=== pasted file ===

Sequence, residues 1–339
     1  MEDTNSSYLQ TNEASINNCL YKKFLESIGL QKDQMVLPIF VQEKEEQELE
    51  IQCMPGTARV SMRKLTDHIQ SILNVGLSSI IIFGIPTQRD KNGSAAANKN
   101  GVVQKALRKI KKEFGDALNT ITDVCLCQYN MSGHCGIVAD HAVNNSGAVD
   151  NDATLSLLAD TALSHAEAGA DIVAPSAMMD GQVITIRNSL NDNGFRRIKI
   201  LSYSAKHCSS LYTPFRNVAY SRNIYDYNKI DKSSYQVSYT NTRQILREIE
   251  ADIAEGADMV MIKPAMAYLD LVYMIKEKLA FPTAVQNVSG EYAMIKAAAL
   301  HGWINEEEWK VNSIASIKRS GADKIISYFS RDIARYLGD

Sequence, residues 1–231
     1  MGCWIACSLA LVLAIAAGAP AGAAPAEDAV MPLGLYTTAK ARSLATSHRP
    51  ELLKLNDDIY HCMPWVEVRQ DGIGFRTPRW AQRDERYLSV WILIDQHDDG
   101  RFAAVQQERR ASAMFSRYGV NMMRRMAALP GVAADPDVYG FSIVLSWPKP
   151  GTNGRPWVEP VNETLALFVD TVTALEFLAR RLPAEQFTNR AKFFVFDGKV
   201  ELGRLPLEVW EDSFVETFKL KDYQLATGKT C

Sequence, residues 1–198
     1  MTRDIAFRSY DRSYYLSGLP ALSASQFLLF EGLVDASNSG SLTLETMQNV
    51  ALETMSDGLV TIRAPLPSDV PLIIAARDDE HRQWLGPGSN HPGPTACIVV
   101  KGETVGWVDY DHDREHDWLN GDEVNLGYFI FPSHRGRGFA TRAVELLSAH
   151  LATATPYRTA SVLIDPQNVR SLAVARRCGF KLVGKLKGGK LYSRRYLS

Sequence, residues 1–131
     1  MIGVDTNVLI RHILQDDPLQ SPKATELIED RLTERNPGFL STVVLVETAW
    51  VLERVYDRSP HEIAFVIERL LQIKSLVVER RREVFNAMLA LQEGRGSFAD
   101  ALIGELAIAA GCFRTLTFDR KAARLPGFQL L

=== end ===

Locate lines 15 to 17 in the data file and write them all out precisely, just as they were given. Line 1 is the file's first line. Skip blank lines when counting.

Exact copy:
Sequence, residues 1–198
     1  MTRDIAFRSY DRSYYLSGLP ALSASQFLLF EGLVDASNSG SLTLETMQNV
    51  ALETMSDGLV TIRAPLPSDV PLIIAARDDE HRQWLGPGSN HPGPTACIVV